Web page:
Daniel Royer, pictured celebrating his penalty kick: “We literally have nothing to lose now, so we have to recover now and throw everything that we have in the Toronto game.” (Noah K. Murray/USA TODAY Sports)
By Michael Lewis
HARRISON, N.J. — Next stop, Fortress BMO.
The Red Bulls’ task in the second leg of their MLS Eastern Conference semifinals against Toronto RC is a formidable one, if not next to impossible.
Not only do they have to win at BMO Field in Toronto, they have to score at least two goals in the process.
No mean feat.
After all, the Supporters Shield championship registered a 13-1-3 mark at home this past season.
“We are now like the 1980 hockey team times five,” Red Bulls head coach Jesse Marsch said after his team’s 2-1 defeat by Toronto FC in the opening leg of the MLS Eastern Conference semifinals at Red Bull Arena Monday night.
“Well, if we had a big hill to climb before, we’ve got a mountain now.”
Then Marsch turned a bit defiant.
“But so what? That’s what the playoffs are,” he said. “It’s not supposed to be easy. It won’t ever be easy. Obviously we’ve made it even more difficult on ourselves, but whatever. We’re going to go there with — we wanted to have a little bit more of a nothing-to-lose mentality tonight, and I felt we played very tight, and for sure, now we’re going there, we’ve got nothing to lose.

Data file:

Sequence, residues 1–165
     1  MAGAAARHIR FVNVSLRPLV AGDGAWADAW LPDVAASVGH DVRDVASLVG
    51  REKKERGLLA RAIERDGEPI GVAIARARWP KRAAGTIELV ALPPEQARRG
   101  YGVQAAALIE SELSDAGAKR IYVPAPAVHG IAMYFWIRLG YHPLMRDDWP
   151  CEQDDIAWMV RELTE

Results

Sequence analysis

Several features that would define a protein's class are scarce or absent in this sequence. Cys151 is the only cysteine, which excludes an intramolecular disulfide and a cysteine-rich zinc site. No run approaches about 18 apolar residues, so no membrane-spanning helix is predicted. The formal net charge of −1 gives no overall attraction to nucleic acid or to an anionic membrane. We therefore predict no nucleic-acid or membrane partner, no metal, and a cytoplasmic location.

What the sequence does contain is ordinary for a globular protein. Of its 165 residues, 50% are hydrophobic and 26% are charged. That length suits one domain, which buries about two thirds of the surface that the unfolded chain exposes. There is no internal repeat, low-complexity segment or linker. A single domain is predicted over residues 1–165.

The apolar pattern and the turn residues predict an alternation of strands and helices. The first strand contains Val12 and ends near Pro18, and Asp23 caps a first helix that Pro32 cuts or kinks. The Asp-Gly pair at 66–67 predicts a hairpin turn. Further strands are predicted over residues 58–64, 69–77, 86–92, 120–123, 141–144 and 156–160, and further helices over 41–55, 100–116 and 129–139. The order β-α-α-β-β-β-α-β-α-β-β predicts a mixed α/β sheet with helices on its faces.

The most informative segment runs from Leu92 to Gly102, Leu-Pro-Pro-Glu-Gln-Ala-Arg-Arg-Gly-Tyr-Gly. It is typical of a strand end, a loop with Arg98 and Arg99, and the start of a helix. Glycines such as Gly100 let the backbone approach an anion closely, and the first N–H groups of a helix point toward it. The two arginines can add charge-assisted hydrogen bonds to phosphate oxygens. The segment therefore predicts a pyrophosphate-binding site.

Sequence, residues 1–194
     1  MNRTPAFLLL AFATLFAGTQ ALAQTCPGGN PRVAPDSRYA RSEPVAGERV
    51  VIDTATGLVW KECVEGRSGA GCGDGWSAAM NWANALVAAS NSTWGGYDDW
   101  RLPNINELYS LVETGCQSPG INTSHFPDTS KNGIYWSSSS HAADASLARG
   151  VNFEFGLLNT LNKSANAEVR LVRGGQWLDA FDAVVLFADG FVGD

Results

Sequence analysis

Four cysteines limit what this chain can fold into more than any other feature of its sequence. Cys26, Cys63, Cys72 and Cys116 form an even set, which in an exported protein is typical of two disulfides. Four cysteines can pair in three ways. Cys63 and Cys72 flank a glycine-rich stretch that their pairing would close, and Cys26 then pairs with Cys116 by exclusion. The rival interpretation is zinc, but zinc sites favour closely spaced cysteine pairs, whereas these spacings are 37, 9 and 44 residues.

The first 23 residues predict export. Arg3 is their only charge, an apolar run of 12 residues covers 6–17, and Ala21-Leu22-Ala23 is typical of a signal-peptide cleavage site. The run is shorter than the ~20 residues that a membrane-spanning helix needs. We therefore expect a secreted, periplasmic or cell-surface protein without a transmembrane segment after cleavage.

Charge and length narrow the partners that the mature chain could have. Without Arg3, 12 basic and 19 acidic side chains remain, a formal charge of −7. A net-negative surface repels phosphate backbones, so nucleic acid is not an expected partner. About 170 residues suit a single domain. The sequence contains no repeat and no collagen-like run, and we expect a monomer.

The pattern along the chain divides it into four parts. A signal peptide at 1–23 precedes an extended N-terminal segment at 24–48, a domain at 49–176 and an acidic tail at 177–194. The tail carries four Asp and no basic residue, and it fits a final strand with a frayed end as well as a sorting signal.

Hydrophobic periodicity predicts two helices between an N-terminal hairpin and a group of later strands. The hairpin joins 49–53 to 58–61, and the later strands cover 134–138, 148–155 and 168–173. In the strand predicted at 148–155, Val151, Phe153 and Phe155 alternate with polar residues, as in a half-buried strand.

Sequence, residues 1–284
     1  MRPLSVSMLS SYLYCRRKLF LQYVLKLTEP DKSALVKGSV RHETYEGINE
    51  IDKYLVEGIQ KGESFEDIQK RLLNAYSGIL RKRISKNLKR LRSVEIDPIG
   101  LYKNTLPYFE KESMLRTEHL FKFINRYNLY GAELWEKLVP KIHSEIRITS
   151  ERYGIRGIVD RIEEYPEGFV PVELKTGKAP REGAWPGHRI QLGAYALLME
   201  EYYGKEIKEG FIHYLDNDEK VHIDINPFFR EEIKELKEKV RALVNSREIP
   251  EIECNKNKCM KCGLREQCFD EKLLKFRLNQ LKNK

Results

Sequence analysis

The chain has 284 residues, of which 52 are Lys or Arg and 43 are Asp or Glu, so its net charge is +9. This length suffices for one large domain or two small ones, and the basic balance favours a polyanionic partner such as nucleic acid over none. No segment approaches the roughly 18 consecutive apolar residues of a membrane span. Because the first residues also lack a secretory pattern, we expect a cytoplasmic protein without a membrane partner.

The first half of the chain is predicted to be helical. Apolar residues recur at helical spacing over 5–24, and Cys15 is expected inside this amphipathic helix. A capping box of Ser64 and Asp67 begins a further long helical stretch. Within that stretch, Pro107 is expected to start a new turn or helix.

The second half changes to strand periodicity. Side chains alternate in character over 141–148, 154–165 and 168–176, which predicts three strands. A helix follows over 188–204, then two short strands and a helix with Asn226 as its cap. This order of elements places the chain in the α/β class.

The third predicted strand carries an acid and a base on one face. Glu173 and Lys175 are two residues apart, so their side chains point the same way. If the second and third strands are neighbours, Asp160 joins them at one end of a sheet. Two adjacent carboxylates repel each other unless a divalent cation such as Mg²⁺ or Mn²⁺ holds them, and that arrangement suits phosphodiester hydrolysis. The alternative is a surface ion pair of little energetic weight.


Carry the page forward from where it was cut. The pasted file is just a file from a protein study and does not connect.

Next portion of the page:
“I know they’re very good at home. I know it’s a very tough place to play. I know the stadium will be sold out. I know they’re the best team in the league, but so what? So what? Let’s go there and go fight for it.”
The Reds are tough at home, but not invincible. They have lost at BMO only once – a 5-3 decision to Canadian rival Montreal Impact Sept. 20. So, it can be done.
“We’ve got to push early,” Red Bulls captain Sacha Kljestan said. “We need two goals. Getting the first goal will be important. It will tighten things up for them. I would just like us to see us push the game for 90 minutes and if we go down, let’s go down swinging.”
Added midfielder Daniel Royer, who scored the Red Bulls’ lone goal on a penalty kick: “We literally have nothing to lose now, so we have to recover now and throw everything that we have in the Toronto game. There is still a chance and we still believe that.”
Marsch said he plans to look at all options for Sunday’s game, including changing the lineup a big, perhaps utilizing a different formation or even putting super-sub Gonzalo Veron alongside Bradley Wright-Phillips up front.
“All those things will be on the table,” he said. I’ve got to get with my staff, we’re going to have to get to the source of which guys are going to really go out there and give us our best chance, and then what that means from a tactical perspective and how to use those pieces in the best manner.
“Listen, it’s not — like our team has fought so hard all year, and they’re such good young men, and today they let themselves down, right, but it’s my job to make sure that they’re going to not just say that we’re up for it but really be up for it when we get to Toronto. And who knows? If we have a good start and get after the game a little bit, then who knows what can happen?”